This paper was designed to alert economic development practitioners about pitfalls in comparing communities’ Covid-19 cases using absolute and/or relative measures of change; the net shift method is recommended for such comparisons. Net shift computations involve measuring the relative size of increases or decreases in Covid-19 cases in counties vis-à-vis the regional norm.
It has been almost three months since the first case of Covid-19 appeared in Cumberland County. Since then the number of cases in rural Illinois has grown at the rate of 5% per day, and as at May 29, 2020, the region reported a 4% death rate.
This paper is an update to the March 2020 WARN filings reported in the Research Brief, Vol. 2 (4) . During April 2020, Covid-19 induced plant closings cost Illinoisans 5,575 jobs, 55% of the total job loss; manufacturing, accommodation and food services, and retail trade continue to be affected by the pandemic.
The economic impact of Covid-19 is being felt by Illinoisans in a variety of ways, from layoffs and furloughs to price hikes in essentials such as grocery products. 2 It has also changed the fiscal outlooks of state and local governments, low revenues and increased spending will be the norm for this year and probably next fiscal year. People are staying home; it means low sales tax revenue, and 2019 income tax filings have been delayed until July 15, 2020, another ‘topline’ 3 revenue loss for the state budget. About one-half of the state revenue comes from income tax, but with unemployment insurance claims increasing at the rate of 2.64% per day since April 4, 2020, 4 this source of income is sure to be much lower than the expected $19.74B.
This paper addresses the question, how effective is the state’s mitigation effort in arresting the spread of Covid-19 in Illinois counties. To address this question, we use county data on number of Covid-19 cases; specifically, we compute the daily growth rate of infections as at April 11, 2020, estimate the likely number of cases as at April 23, 2020, and compare the estimate to the actual number of Covid-19 infections as at April 23, 2020. The differences in number of cases, from projected to actual number of Covid-19 infections, are used to rank the counties in terms of their effectiveness in mitigating the spread of the virus.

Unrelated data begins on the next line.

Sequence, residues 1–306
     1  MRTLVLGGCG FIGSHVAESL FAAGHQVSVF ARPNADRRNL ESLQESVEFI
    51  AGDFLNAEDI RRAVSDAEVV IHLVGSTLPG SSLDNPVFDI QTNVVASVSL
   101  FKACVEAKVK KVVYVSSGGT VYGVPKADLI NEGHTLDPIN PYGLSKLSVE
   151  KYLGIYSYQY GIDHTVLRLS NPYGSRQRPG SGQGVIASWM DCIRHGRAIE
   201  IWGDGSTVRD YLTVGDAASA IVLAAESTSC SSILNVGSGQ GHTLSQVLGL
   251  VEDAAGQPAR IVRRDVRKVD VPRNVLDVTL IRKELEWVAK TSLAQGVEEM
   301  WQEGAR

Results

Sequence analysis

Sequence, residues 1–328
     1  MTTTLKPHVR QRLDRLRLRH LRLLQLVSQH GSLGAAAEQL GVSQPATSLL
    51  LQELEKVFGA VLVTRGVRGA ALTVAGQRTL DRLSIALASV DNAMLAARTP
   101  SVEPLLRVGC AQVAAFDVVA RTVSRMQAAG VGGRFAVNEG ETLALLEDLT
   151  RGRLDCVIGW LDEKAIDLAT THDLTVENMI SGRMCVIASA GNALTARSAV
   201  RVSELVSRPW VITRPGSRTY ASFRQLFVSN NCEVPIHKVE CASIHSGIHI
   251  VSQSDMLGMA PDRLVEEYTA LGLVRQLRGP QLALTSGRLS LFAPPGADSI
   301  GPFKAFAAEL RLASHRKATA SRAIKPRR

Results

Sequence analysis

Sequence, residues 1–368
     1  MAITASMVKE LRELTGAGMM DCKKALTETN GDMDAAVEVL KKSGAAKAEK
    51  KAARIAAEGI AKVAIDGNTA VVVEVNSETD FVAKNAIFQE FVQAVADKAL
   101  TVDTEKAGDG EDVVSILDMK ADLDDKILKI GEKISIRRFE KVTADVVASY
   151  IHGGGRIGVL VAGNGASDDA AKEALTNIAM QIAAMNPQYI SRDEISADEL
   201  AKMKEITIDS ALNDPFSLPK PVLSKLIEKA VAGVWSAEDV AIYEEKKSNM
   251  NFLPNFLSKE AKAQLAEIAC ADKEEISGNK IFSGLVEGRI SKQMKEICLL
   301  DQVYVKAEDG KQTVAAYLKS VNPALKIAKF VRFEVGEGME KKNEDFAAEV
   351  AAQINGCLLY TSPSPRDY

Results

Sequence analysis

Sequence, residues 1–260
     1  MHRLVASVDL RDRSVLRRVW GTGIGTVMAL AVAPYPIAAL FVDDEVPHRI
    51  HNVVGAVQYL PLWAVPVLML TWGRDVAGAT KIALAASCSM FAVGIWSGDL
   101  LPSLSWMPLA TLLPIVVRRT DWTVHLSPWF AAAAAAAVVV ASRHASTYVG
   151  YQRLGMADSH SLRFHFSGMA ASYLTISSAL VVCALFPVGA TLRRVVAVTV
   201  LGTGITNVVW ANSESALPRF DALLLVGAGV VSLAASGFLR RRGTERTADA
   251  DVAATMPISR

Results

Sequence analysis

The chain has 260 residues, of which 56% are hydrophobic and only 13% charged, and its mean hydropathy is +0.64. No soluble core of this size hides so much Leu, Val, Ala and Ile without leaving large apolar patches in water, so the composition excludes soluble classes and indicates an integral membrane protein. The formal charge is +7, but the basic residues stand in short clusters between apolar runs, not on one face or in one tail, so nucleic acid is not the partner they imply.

The Covid-19 pandemic has almost stopped social and economic activities in Illinois; the IMF predicts 3% contraction in the global economy, a much larger impact than the 2008-2009 great recession 2 . In earlier Research Briefs, we highlighted Illinoisans’ emotions or feelings about Covid-19 3 . In this paper, the all-round effects of the virus on Illinoisans are discussed 4 ; topics range from Illinoisans’ beliefs about the ability of the healthcare sector to effectively deal with the virus to government responses in tackling
the pandemic (Table 1). Results are presented for both the metro and the nonmetro population; Chi-square is used to test for differences in responses between regions.
The Covid-19 outbreak is likely to grow, mature, and decline. Governments at all levels should aim to (1) FLATTEN the growth curve, and (2) collectively FIGHT the virus, to preserve public health, and reopen the economy.
To gain insights into the status of the disease in Illinois counties, it is suggested that a set of metrics be assembled on a weekly basis and presented visually and in tabular forms to policymakers 2 . The metrics, assembled at the county-level, should include daily growth rate of total cases, cumulative number of confirmed cases, number of Covid-19 tests performed, and correlates of daily growth rate of infections and healthcare assets such as number of physicians and intensive-care-unit (ICU) beds.
To restart the Illinois economy, Illinoisans’ sentiments about the virus should also be monitored on a continual basis, once a week or so. This will help policymakers learn about Illinoisans’ anticipated consumer behavior and spending.